Along the beach, only one Able Company officer still lives -- Lieutenant Elijah Nance, who is hit in the heel as he quits the boat and hit in the belly by a second bullet as he makes the sand. By the end of ten minutes, every sergeant is either dead or wounded. To the eyes of such men as Private Howard I. Grosser and Private First Class Gilbert G. Murdock, this clean sweep suggests that the Germans on the high ground have spotted all leaders and concentrated fire their way. 

Among the men who are still moving in with the tide, rifles, packs, and helmets have already been cast away in the interests of survival. 

To the right of where Tidrick's boat is drifting with the tide, its coxswain lying dead next to the shell-shattered wheel, the seventh craft, carrying a medical section with one officer and sixteen men, noses toward the beach. The ramp drops. In that instant, two machine guns concentrate their fire on the opening. Not a man is given time to jump. All aboard are cut down where they stand. 

By the end of fifteen minutes, Able Company has still not fired a weapon. No orders are being given by anyone. No words are spoken. The few able-bodied survivors move or not as they see fit. Merely to stay alive is a full-time job. The fight has become a rescue operation in which nothing counts but the force of a strong example. 

Above all others stands out the first-aid man, Thomas Breedin. Reaching the sands, he strips off pack, blouse, helmet, and boots. For a moment he stands there so that others on the strand will see him and get the same idea. Then he crawls into the water to pull in wounded men about to be overlapped by the tide. The deeper water is still spotted with tide walkers advancing at the same pace as the rising water. 

But now, owing to Breedin's example, the strongest among them become more conspicuous targets. Coming along, they pick up wounded comrades and float them to the shore raftwise. 
Machine-gun fire still rakes the water. Burst after burst spoils the rescue act, shooting the floating man from the hands of the walker or killing both together. But Breedin for this hour leads a charmed life and stays with his work indomitably. 

By the end of one-half hour, approximately two thirds of the company is forever gone. 

There is no precise casualty figure for that moment. There is for the Normandy landing as a whole no accurate figure for the first hour or first day. The circumstances precluded it.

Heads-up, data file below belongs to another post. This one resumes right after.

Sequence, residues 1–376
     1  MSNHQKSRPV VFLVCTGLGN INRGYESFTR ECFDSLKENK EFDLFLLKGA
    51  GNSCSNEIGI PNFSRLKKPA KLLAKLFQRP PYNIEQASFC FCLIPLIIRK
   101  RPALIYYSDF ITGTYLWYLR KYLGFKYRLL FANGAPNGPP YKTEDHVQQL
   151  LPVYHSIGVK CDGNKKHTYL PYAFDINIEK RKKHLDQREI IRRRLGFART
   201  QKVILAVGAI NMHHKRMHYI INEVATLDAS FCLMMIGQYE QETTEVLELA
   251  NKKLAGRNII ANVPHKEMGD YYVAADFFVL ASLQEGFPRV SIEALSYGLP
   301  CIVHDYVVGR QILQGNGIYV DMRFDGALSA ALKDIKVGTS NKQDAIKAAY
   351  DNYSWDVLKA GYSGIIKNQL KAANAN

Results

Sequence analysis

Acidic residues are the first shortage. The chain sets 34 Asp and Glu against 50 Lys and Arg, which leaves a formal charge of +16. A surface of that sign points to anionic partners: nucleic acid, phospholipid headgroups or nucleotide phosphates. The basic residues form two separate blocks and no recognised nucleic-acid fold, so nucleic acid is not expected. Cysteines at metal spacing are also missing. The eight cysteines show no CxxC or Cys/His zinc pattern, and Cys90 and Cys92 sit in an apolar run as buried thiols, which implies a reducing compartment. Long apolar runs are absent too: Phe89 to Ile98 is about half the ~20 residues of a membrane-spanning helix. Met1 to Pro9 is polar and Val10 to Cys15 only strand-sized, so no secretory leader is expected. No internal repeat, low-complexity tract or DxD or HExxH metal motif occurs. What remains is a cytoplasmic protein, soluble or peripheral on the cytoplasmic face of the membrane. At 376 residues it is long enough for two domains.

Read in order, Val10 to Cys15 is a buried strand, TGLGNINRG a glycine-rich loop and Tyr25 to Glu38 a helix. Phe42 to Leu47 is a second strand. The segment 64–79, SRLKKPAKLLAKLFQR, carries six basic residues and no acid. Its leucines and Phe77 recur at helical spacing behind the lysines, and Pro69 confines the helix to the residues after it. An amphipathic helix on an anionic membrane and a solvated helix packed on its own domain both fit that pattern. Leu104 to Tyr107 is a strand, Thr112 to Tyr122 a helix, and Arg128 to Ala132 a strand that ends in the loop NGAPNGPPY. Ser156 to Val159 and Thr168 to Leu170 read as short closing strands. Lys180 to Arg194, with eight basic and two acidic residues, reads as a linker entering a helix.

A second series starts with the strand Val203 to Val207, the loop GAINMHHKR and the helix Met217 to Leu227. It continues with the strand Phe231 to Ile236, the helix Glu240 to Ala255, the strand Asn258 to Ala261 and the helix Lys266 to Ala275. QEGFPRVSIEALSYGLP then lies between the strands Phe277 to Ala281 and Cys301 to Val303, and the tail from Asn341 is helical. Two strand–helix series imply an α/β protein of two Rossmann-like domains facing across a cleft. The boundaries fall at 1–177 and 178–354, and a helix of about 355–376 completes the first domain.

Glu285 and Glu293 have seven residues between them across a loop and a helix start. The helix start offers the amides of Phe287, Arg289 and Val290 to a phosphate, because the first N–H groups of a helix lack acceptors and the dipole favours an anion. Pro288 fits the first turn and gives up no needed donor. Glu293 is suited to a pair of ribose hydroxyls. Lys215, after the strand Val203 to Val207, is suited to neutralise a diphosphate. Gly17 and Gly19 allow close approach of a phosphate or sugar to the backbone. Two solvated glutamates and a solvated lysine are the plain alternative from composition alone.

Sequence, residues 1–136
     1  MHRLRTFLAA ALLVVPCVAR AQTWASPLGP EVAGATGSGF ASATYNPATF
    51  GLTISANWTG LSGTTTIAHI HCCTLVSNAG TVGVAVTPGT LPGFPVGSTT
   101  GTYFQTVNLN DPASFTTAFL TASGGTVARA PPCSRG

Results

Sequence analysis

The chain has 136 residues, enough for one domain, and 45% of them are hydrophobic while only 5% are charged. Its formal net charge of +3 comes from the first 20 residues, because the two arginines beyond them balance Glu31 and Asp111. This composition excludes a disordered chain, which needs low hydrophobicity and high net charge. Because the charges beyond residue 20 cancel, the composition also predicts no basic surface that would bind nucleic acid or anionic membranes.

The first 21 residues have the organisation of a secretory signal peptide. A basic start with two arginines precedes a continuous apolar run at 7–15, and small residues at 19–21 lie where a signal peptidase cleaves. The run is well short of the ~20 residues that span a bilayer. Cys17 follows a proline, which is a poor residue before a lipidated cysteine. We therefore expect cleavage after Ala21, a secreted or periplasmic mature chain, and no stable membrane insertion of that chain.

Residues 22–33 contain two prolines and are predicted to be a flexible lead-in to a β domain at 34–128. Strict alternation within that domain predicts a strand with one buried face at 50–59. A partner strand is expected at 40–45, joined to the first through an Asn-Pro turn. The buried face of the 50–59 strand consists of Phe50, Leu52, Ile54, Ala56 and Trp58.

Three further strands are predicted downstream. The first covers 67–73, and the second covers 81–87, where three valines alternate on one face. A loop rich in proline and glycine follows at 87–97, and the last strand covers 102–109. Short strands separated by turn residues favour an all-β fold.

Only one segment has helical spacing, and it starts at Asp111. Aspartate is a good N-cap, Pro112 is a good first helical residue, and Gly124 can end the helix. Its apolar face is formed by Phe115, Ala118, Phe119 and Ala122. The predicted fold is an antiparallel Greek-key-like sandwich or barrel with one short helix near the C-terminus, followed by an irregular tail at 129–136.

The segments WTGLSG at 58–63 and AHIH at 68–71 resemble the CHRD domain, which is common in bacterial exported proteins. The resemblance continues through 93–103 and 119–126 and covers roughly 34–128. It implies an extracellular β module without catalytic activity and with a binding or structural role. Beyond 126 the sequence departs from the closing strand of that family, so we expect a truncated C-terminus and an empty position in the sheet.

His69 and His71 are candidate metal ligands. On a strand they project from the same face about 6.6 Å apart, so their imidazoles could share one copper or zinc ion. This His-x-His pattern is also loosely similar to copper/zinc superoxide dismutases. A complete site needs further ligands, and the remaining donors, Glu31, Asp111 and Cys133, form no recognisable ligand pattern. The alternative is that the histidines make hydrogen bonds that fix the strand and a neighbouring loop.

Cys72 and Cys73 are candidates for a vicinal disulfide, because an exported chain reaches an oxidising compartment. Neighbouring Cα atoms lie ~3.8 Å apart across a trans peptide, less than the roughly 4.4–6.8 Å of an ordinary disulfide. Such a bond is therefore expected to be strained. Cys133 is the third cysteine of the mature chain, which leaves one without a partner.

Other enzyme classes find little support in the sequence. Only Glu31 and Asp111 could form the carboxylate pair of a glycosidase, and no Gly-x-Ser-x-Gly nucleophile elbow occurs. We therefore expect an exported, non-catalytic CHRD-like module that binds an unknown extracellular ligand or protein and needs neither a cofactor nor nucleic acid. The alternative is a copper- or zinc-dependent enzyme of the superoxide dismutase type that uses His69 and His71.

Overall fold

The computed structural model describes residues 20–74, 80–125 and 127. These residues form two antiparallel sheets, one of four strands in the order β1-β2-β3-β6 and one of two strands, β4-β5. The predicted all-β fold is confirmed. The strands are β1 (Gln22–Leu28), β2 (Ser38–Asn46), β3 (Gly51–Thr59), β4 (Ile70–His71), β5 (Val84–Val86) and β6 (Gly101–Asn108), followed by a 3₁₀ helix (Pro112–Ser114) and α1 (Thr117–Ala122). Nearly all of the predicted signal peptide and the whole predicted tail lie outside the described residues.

Whether more Able Company riflemen died from water than from fire is known only to heaven. All earthly evidence so indicates but cannot prove it. 

By the end of one hour, the survivors from the main body have crawled across the sand to the foot of the bluff, where there is a narrow sanctuary of defiladed space. There they lie all day, clean spent, unarmed, too shocked to feel hunger, incapable even of talking to one another. No one happens by to succor them, ask what has happened, provide water, or offer unwanted pity. D Day at Omaha afforded no time or space for such missions. Every landing company was overloaded by its own assault problems. 


By the end of one hour and forty-five minutes, six survivors from the boat section on the extreme right shake loose and work their way to a shelf a few rods up the cliff. Four fall exhausted from the short climb and advance no farther. They stay there through the day, seeing no one else from the company. The other two, Privates Jake Shefer and Thomas Lovejoy, join a group from the Second Ranger Battalion, which is assaulting Pointe du Hoc to the right of the company sector, and fight on with the Rangers through the day. 

Two men. Two rifles. Except for these, Able Company's contribution to the D Day fire fight is a cipher. 
BAKER Company which is scheduled to land twenty-six minutes after Able and right on top of it, supporting and reinforcing, has had its full load of trouble on the way in. So rough is the sea during the journey that the men have to bail furiously with their helmets to keep the six boats from swamping.